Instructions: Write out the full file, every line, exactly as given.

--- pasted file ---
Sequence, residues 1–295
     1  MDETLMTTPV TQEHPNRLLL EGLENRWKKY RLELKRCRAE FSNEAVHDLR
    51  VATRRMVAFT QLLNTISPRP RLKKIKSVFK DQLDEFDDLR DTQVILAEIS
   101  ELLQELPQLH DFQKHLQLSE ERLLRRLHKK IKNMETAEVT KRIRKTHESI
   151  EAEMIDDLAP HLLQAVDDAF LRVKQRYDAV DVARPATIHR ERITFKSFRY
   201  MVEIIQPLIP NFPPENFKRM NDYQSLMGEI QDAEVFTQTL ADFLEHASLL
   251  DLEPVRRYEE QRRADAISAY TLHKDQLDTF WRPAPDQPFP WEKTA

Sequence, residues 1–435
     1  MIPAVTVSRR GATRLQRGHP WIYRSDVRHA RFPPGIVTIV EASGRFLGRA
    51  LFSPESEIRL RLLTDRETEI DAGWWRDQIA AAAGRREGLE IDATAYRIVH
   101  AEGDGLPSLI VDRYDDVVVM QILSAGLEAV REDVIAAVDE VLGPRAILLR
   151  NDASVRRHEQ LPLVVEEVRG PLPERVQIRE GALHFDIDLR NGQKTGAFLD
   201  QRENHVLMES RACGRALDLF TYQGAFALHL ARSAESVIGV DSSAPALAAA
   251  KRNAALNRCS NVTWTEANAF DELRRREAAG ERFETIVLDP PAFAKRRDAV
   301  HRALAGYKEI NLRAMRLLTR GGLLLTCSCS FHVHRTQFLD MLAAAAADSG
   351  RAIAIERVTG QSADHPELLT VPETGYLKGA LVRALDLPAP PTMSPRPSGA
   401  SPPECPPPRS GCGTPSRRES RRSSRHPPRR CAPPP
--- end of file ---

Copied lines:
Sequence, residues 1–295
     1  MDETLMTTPV TQEHPNRLLL EGLENRWKKY RLELKRCRAE FSNEAVHDLR
    51  VATRRMVAFT QLLNTISPRP RLKKIKSVFK DQLDEFDDLR DTQVILAEIS
   101  ELLQELPQLH DFQKHLQLSE ERLLRRLHKK IKNMETAEVT KRIRKTHESI
   151  EAEMIDDLAP HLLQAVDDAF LRVKQRYDAV DVARPATIHR ERITFKSFRY
   201  MVEIIQPLIP NFPPENFKRM NDYQSLMGEI QDAEVFTQTL ADFLEHASLL
   251  DLEPVRRYEE QRRADAISAY TLHKDQLDTF WRPAPDQPFP WEKTA

Sequence, residues 1–435
     1  MIPAVTVSRR GATRLQRGHP WIYRSDVRHA RFPPGIVTIV EASGRFLGRA
    51  LFSPESEIRL RLLTDRETEI DAGWWRDQIA AAAGRREGLE IDATAYRIVH
   101  AEGDGLPSLI VDRYDDVVVM QILSAGLEAV REDVIAAVDE VLGPRAILLR
   151  NDASVRRHEQ LPLVVEEVRG PLPERVQIRE GALHFDIDLR NGQKTGAFLD
   201  QRENHVLMES RACGRALDLF TYQGAFALHL ARSAESVIGV DSSAPALAAA
   251  KRNAALNRCS NVTWTEANAF DELRRREAAG ERFETIVLDP PAFAKRRDAV
   301  HRALAGYKEI NLRAMRLLTR GGLLLTCSCS FHVHRTQFLD MLAAAAADSG
   351  RAIAIERVTG QSADHPELLT VPETGYLKGA LVRALDLPAP PTMSPRPSGA
   401  SPPECPPPRS GCGTPSRRES RRSSRHPPRR CAPPP